A new study found children of smokers may carry significant levels of nicotine around on their hands.
You already know your kid's hands are coated with germs and other nasties you don't even want to begin to think about for too long. It's why we're constantly insisting our little ones wash their hands thoroughly and frequently. Now, there's even more reason to get them to the sink.
In a small pilot study published in the British Medical Journal and titled Tobacco Control, researchers from Cincinnati Children's Hospital Medical Center and San Diego State University conclude that children of smokers may carry significant levels of nicotine on their hands, even if no one around them is actively smoking.
The study looked at 25 children whose parents gave consent during emergency room visits between April and September 2016. They were all brought into the hospital for illnesses that may have been related to secondhand smoke exposure, and all of the parents were smokers. All of the kids had detectible nicotine on their hands and all but one had cotinine in their saliva. The contaminant is considered a biological marker for secondhand smoke exposure, which is linked to respiratory and ear infections, more frequent and severe asthma attacks, bronchitis, and a slew of other health problems for children, according to the U.S. Centers for Disease Control.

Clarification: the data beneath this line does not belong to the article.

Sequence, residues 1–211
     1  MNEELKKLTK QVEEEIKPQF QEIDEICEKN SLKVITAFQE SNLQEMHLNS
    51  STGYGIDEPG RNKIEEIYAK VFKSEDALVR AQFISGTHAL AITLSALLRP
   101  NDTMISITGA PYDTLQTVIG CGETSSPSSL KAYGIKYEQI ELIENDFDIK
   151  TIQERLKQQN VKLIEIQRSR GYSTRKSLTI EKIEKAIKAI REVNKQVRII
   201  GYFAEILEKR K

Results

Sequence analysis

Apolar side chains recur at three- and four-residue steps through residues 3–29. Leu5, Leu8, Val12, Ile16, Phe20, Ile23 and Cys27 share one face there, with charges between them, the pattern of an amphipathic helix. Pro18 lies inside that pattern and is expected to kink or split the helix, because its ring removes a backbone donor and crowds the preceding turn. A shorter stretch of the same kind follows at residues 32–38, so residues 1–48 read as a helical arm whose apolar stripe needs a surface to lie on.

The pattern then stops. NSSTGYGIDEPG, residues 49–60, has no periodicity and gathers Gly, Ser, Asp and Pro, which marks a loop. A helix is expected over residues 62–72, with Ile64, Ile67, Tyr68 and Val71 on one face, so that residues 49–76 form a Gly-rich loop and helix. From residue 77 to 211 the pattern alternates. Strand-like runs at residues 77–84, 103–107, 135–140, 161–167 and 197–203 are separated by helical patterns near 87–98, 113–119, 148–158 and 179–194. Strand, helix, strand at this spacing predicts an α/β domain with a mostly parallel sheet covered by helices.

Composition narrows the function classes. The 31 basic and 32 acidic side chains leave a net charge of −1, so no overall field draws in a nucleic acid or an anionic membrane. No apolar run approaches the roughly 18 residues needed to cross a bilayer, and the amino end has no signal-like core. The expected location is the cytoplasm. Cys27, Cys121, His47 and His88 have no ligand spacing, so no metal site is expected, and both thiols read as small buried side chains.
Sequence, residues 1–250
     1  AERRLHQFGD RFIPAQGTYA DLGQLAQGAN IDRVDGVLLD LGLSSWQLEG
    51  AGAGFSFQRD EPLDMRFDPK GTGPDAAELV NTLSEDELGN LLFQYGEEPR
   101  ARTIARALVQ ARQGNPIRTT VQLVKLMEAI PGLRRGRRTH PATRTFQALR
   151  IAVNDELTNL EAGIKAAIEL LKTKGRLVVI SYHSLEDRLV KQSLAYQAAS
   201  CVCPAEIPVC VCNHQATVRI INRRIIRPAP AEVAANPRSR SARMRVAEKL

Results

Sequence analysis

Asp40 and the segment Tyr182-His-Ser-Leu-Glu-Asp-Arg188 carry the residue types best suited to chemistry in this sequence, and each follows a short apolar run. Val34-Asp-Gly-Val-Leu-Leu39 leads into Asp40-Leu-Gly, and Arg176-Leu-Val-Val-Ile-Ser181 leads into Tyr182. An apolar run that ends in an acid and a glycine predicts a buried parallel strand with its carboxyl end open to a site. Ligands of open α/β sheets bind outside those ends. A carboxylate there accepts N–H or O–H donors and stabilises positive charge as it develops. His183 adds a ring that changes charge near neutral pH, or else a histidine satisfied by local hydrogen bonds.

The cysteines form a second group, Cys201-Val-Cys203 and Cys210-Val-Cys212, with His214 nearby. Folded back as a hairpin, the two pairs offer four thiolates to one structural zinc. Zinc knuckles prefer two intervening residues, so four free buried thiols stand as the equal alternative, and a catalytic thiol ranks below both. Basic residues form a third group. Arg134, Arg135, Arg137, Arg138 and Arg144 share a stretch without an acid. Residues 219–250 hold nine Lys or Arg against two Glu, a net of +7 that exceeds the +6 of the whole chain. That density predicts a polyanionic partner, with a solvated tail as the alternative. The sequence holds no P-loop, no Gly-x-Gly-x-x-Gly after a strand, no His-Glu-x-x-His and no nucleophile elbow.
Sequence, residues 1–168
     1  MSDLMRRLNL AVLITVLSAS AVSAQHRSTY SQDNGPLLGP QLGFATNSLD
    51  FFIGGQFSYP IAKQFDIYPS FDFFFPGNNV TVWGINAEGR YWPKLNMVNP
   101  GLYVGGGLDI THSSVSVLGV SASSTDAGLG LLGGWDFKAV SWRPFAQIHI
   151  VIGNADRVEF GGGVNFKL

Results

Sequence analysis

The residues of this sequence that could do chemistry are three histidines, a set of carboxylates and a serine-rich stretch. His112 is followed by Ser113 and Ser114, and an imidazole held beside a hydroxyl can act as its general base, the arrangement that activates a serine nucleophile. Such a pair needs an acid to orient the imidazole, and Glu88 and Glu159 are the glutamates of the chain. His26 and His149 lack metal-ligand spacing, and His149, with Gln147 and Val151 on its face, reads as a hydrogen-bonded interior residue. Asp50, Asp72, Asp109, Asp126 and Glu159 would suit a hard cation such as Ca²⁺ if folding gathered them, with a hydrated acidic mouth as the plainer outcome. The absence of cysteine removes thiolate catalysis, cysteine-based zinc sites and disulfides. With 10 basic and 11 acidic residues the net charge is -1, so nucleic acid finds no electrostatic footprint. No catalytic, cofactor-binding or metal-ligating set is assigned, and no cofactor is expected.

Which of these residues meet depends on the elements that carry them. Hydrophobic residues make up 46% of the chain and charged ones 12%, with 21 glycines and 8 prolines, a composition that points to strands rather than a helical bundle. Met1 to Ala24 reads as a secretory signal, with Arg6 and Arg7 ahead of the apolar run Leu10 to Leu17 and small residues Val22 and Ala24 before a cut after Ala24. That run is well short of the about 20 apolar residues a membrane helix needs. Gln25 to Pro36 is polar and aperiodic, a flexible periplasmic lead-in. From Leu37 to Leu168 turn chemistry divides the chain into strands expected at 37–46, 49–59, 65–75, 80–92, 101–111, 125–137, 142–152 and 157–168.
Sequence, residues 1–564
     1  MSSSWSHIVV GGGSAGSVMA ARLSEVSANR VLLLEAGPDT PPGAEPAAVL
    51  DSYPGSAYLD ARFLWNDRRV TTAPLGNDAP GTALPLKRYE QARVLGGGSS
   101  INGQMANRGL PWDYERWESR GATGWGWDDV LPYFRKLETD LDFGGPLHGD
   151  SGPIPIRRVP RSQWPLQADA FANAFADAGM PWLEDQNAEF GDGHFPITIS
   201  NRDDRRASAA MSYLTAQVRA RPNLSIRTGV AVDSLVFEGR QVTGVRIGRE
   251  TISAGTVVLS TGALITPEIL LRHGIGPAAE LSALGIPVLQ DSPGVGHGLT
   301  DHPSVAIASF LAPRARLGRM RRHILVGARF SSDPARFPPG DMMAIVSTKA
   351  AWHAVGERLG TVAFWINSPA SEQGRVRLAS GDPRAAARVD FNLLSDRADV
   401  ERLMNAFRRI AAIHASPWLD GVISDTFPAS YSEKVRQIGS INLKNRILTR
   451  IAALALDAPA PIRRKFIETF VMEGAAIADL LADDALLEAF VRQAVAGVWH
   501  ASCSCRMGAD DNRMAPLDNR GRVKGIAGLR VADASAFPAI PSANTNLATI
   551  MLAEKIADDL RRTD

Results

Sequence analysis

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Since this was a small study, researchers plan to include more than 700 kids in a bigger analysis down the road. In the meantime, the study definitely serves as a reminder to parents who smoke that saying so long to cigarettes is the only, best way to protect kids from exposure to nicotine and all the toxicity that comes with it.